April 6, 2012 at 11:04 AM ET
Forget the stork. These days, it seems, newborns are being delivered by commercial aircraft. At least twice in the last two months, expectant mothers have given birth at 30,000 feet or higher.
Even more surprising than the unexpected deliveries? The incidents represent that rarest of situations: The presence of a crying baby on a plane elicits applause instead of angry glares.
“A plane is not the best place to give birth to a baby but it does happen,” said Dr. Russell Rayman, a preventive medicine specialist and former executive director of the Aerospace Medical Association.
In the latest incident, a woman on a Delta flight from Africa to Atlanta gave birth on March 23. According to news accounts, she went into labor three weeks early and her baby boy was delivered by an OB-GYN who happened to be on board.
Six weeks earlier, on Feb. 9, a woman on a Spirit Airlines flight from LAX to Fort Lauderdale gave birth in the plane’s forward galley. With no response to the crew’s “Is there a doctor on board?” request, the infant was delivered by flight attendants with assistance from MedAire, a company that helps airlines manage inflight medical events via telephone.
While both incidents had happy outcomes, they also serve as cautionary tales, especially for women in the later stages of pregnancy. While well-trained to handle in-flight emergencies, flight attendants don’t typically receive training in delivering babies and there are no guarantees that a medical professional will be onboard.
Nor do the airlines provide consistent guidance on how far into pregnancy they’ll allow women to fly. Delta, for example, has no restrictions while Spirit urges women in their ninth month to be examined by their doctor to determine whether it’s safe for them to fly.
Other carriers offer stricter guidelines although all essentially operate on an honor system. At United, women in their ninth month must have an obstetrician’s certificate dated within 24 to 72 hours of departure showing they’ve been examined, along with the baby’s estimated birth date. JetBlue, US Air and Virgin America require passengers flying within seven days of delivery to have a doctor’s letter stating they’re fit to fly.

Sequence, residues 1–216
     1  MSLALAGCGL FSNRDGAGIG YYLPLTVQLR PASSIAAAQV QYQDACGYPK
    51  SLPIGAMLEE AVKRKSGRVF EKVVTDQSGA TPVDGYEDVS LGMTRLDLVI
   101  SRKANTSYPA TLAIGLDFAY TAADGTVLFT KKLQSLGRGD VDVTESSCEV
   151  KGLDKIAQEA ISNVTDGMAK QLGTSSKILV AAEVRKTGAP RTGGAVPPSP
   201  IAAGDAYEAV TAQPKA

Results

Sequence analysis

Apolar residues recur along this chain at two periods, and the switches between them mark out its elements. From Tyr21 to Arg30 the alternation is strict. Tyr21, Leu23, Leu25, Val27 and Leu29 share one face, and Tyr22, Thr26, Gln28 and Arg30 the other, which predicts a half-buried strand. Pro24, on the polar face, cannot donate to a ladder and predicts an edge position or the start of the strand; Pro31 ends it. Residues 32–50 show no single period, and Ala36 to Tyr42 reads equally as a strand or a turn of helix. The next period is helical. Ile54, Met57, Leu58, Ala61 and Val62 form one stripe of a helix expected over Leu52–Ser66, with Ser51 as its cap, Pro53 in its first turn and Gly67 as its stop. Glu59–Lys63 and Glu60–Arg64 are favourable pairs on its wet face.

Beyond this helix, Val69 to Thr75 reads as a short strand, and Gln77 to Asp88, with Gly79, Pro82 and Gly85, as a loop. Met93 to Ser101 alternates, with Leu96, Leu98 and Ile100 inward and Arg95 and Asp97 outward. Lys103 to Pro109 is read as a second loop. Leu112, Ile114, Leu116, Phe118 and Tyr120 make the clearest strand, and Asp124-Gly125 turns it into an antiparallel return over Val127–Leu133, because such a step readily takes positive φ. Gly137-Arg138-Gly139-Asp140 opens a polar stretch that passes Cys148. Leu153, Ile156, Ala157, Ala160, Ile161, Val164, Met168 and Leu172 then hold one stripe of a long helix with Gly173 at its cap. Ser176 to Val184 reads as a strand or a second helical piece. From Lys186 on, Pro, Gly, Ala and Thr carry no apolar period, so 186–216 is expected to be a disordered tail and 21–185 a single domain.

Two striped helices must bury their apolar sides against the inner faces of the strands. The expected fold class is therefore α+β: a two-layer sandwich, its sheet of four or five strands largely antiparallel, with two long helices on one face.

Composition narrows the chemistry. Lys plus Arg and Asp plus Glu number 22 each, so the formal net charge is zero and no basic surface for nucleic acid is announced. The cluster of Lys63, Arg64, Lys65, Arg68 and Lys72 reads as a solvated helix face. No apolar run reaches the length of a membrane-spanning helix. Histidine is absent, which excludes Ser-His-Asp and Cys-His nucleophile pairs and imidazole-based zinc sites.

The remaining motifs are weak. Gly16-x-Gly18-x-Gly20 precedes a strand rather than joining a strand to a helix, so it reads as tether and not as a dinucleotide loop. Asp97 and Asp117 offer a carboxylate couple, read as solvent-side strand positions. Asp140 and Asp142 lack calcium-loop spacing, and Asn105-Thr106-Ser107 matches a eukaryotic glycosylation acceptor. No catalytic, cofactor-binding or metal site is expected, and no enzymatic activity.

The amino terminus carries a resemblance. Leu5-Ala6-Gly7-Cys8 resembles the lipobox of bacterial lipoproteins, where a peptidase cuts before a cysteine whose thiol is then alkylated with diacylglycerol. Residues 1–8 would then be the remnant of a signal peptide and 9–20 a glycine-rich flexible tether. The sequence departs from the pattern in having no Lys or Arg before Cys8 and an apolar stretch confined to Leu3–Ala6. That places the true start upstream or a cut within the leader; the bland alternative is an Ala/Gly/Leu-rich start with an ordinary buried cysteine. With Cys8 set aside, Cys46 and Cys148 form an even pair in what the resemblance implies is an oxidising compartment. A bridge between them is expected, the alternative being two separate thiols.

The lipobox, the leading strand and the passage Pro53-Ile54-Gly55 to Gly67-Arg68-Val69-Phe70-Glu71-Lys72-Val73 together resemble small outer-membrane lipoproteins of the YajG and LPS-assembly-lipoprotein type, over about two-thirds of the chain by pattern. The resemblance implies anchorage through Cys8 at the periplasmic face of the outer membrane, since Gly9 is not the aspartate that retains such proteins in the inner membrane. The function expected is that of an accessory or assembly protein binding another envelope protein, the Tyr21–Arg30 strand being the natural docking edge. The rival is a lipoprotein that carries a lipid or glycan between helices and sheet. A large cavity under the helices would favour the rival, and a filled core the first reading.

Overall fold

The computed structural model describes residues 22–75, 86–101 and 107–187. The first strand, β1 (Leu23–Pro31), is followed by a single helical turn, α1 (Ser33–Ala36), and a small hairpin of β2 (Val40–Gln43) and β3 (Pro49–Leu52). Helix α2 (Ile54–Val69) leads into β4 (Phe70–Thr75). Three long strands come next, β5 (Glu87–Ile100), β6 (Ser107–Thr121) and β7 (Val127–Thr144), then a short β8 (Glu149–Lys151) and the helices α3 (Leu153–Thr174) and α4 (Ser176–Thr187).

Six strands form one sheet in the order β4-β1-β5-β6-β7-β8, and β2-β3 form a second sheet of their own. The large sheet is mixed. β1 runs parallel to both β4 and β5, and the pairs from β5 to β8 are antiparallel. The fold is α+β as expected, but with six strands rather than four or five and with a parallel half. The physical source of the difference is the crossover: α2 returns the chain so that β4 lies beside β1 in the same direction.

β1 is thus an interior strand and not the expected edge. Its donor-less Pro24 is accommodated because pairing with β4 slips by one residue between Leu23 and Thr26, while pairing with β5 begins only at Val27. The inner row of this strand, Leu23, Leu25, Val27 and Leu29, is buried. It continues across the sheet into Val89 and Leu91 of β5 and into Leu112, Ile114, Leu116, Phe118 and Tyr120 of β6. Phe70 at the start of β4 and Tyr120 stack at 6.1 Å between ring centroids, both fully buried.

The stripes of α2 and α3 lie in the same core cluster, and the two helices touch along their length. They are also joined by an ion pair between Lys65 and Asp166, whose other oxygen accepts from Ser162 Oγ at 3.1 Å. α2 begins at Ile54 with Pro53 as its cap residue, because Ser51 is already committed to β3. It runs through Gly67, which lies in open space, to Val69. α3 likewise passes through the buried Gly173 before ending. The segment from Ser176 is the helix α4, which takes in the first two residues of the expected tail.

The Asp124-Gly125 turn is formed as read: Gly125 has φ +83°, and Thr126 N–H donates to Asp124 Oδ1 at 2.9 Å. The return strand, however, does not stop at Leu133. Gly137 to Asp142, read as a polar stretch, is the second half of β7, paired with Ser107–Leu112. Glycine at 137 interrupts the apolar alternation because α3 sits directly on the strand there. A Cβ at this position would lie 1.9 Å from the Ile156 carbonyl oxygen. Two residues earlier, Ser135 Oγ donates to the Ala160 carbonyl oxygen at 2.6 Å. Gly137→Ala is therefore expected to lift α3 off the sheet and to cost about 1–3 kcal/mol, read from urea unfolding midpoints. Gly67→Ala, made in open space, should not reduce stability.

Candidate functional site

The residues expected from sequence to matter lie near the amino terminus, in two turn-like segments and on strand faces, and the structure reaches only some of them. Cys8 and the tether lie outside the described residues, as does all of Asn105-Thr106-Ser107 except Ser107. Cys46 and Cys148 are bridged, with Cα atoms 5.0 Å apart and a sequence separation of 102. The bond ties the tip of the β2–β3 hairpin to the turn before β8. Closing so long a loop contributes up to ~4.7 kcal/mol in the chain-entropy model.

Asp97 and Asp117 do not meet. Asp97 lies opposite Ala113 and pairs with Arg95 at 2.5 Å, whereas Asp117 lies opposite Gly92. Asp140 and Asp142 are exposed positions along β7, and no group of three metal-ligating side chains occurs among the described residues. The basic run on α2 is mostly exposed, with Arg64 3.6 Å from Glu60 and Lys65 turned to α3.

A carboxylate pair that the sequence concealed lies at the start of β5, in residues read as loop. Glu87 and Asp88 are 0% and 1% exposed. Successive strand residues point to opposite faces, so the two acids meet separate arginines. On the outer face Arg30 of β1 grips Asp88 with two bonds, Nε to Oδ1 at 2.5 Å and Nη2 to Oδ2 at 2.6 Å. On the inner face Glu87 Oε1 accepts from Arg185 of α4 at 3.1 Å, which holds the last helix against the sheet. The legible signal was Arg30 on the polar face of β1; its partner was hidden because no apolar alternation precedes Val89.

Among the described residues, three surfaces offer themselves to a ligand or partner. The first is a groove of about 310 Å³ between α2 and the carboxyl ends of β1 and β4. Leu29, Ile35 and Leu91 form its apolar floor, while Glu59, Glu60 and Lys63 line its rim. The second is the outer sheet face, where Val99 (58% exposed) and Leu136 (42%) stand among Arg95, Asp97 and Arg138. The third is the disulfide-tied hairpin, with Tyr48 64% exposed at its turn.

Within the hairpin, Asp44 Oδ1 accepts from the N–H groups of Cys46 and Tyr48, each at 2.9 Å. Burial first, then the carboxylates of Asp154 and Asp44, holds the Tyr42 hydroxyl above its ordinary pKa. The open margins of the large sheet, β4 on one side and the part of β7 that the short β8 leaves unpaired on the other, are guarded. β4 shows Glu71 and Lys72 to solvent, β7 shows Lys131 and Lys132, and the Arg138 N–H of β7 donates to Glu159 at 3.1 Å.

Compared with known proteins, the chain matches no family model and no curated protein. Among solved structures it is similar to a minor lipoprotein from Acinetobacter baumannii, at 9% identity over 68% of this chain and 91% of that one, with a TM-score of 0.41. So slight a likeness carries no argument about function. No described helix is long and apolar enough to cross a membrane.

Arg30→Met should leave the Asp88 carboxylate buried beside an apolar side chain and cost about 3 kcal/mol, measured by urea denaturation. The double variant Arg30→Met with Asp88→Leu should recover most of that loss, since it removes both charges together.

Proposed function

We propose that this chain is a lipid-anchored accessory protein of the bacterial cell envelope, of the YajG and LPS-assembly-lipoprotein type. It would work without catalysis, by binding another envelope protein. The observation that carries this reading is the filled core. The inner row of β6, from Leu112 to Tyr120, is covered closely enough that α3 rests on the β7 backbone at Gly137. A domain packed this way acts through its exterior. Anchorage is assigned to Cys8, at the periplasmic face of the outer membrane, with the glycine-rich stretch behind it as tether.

Meanwhile, the American Congress of Obstetricians and Gynecologists (ACOG) suggests that pregnant women without obstetric or other medical conditions take the same precautions that other air travelers take. The group provides an excellent resource on the subject on its website. (According to Dr. George Macones, chair of ACOG’s Committee on Obstetric Practice, like other travelers, pregnant women should be aware of the risk of blood clots — a function of immobility and dehydration — and exposure to the radiation prevalent at high altitudes.
Of the former, he recommends drinking plenty of water and walking around every hour or so. Of the latter, he says it’s of no concern for infrequent travelers but that people who fly a lot — flight attendants and frequent business travelers — can exceed national guidelines for exposure.
Travelers concerned about the latter can calculate their in-flight exposure via a tool maintained by the FAA, which can be found here.
It’s also a good idea to let the flight attendants know about your situation, said Sara Nelson, international vice president for the Association of Flight Attendants-CWA.
“Flight attendants are really the first responders on a plane,” she told msnbc.com. “If you’re coming onboard and you’re advanced in your pregnancy, take a moment to say hello to the flight attendants and let them know where you’re sitting.”
You never know -- you could find yourself suddenly needing seating for two.
Rob Lovitt is a longtime travel writer who still believes the journey is as important as the destination. Follow him at Twitter.
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